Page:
-Originally published in the NYC Jazz Record, December 2015-
WILD BILL DAVISON, “THE JAZZ GIANTS”
Sackville Stereo, released by Delmark Records 2015
Wild Bill Davison, cornet
Herb Hall, clarinet
Benny Morton, trombone
Claude Hopkins, piano
Arvell Shaw, bass
Buzzy Drootin, drums
CD Review by John Pietaro
Visions of hipness, concepts of cool, are born of a moment in time on which the industry machine feeds before the next whimsy strikes us—or is engineered to do just that. And so it goes in the wrestle between jazz and popular taste. Once upon a time, the music was drenched in the blues, marching to the strain of freely contrapuntal music that tore loose the constraints of the day. Such “traditional jazz”, born most excitedly in New Orleans but really in many places, cast seedlings universally. By the 1920s some of its greatest exponents ventured northward, inspiring the so-called Chicago school. This brand of hot jazz held strong regardless of the developments in the music or the demands of popular taste.
By the time the cornetist Wild Bill Davison brought all-star septet the Jazz Giants to Toronto, it was 1968. He’d trumpeted in the tradition, so to speak, for more than four decades, braving the ire of booking agents and modernists alike. But Davison, who’d struggled to take his place at center stage, had no intention of giving it up regardless of Miles’ “Nefertitti”, the Beatles’ ‘White Album’, or other musical advances released that year. For Davison, the classic instrumental line-up was all that was necessary, and here it was comprised of woefully under-recorded clarinetist Herb Hall (brother of Edmond), celebrated trombonist Benny Morton (who’d played with big band royalty), pioneering pianist Claude Hopkins (of Wilbur Sweatman’s early 20s band, Josephine Baker), Armstrong All-Star bassist Arvel Shaw and the drummer Buzzy Drootin, a regular at Eddie Condon’s nightclub and name bands alike.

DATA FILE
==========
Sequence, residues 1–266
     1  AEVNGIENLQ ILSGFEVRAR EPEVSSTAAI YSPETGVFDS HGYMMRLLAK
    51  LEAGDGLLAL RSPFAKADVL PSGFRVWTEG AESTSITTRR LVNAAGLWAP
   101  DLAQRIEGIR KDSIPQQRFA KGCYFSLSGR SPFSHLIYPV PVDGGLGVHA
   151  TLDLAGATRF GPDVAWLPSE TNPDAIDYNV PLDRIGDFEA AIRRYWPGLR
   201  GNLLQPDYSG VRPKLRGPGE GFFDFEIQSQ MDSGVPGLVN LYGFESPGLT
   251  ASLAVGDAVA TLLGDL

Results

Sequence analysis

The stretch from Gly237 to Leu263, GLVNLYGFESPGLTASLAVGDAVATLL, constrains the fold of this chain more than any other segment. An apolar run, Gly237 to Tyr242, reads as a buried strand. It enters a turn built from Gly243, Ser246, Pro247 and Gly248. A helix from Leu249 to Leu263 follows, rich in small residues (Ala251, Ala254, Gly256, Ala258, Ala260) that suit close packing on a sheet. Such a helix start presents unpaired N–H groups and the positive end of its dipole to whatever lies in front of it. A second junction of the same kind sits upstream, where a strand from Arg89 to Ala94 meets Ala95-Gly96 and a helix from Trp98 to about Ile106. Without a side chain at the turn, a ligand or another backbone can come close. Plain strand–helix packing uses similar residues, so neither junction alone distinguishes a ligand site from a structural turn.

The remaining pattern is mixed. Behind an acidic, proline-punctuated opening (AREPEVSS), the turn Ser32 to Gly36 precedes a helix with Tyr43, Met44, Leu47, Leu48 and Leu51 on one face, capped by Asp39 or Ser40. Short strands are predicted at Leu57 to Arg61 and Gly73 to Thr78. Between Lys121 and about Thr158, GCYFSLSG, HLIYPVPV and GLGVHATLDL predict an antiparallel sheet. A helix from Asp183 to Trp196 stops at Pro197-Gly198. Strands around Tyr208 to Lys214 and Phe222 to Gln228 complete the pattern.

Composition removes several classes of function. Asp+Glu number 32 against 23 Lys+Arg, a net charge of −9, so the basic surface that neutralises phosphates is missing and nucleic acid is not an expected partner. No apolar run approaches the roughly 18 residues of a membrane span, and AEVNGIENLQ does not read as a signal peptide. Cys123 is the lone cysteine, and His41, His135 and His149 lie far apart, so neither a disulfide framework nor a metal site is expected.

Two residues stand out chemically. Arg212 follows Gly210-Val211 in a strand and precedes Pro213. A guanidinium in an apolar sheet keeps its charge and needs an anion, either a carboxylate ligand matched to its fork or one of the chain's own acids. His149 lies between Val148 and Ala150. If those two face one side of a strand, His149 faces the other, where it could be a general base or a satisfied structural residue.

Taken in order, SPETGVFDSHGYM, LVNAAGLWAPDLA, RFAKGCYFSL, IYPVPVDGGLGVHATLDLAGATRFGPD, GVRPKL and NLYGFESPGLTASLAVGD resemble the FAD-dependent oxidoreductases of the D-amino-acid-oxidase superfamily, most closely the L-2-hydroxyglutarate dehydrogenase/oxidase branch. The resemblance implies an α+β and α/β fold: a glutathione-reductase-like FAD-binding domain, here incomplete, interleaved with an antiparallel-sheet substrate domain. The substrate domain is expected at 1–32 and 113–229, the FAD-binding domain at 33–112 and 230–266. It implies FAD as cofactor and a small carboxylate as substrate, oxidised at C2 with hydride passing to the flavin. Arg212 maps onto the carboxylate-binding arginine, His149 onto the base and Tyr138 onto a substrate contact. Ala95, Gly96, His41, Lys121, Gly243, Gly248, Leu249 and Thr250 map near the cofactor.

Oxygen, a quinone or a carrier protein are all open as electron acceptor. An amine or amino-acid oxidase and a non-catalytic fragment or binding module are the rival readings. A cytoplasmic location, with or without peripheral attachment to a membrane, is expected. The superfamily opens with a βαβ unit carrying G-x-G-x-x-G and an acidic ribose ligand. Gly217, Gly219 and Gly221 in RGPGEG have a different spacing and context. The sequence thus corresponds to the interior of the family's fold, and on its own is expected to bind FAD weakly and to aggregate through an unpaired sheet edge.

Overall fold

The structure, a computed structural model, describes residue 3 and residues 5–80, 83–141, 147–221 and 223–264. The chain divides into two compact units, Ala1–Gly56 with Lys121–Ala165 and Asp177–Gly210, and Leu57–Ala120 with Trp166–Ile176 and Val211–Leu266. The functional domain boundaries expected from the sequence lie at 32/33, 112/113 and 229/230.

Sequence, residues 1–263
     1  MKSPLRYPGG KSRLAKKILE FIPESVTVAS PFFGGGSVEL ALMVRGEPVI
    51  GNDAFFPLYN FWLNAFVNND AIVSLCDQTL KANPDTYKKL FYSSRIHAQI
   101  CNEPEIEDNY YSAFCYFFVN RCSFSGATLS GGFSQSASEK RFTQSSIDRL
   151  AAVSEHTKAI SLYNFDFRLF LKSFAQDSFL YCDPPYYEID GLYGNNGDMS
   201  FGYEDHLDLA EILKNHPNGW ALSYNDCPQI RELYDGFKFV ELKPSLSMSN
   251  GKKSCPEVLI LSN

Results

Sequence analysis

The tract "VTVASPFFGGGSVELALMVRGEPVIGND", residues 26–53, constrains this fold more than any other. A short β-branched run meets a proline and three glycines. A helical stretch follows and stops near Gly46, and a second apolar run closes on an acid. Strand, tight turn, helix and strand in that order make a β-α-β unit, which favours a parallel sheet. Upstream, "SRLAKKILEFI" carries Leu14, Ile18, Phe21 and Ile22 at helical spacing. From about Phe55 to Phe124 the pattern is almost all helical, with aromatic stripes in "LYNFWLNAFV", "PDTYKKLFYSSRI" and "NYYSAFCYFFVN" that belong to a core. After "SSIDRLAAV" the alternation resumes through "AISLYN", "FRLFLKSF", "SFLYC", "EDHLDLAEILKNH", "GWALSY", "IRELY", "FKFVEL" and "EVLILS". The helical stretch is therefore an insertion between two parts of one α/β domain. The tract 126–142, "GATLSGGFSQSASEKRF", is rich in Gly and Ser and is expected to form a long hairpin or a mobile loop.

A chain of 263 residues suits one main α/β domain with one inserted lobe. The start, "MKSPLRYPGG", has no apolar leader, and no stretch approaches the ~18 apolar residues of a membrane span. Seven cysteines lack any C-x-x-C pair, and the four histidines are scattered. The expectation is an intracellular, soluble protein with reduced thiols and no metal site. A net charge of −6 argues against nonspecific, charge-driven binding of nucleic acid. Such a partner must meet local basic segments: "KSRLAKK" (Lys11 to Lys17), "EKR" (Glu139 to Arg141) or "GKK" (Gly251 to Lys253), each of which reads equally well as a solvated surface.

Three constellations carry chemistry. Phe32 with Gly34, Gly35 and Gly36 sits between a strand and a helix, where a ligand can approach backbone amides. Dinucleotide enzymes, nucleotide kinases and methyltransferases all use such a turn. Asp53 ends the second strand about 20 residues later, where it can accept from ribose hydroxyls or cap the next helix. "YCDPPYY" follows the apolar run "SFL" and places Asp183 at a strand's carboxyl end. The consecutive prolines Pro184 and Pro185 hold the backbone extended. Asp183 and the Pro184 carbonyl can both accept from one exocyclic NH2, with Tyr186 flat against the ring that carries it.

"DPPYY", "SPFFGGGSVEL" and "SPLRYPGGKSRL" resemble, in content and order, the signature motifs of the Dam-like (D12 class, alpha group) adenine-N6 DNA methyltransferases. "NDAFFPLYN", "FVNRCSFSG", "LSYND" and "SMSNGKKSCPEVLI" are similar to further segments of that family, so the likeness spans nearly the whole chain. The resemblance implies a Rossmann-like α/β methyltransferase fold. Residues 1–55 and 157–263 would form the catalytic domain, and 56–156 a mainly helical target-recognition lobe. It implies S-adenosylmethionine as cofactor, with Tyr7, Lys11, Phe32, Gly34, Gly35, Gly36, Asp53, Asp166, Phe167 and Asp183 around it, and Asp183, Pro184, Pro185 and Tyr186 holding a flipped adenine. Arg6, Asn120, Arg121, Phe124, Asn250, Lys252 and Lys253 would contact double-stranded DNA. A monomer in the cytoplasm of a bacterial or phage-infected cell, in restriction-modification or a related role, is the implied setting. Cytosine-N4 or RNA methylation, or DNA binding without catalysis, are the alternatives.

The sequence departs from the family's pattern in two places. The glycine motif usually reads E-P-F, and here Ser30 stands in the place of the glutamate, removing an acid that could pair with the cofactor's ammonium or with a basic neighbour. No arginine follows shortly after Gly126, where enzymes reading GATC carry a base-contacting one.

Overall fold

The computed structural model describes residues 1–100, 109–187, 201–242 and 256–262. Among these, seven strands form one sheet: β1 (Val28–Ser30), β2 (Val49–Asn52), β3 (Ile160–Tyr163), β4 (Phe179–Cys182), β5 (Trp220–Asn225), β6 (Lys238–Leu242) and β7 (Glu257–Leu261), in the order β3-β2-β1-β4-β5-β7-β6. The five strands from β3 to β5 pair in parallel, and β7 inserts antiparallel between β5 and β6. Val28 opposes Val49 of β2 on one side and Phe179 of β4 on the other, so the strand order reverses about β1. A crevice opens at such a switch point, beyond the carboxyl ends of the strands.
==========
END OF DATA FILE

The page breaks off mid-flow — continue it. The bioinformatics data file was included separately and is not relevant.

Wild Bill called for the stage to weep, smoke, sizzle, and sometimes burn. “Struttin’ With Some Barbecue”, fittingly, opens the disc. The spirit of Chicago resounds but also that of the Hot 5. Hear time-honored titles like “Them There Eyes”, “Black and Blue”, “I Surrender Dear” plus one that harkens back to a groundbreaking ‘28 Condon session, “I Found a New Baby”. The mix keeps it fresh, the features of the band members spreads the wealth. And for those squeamish about the “Dixieland” moniker, listen to the free interactions between horns out front and an ignited rhythm section--and enjoy the fact that Albert Ayler and others revolutionists rode the tradition right into New Thing fire music.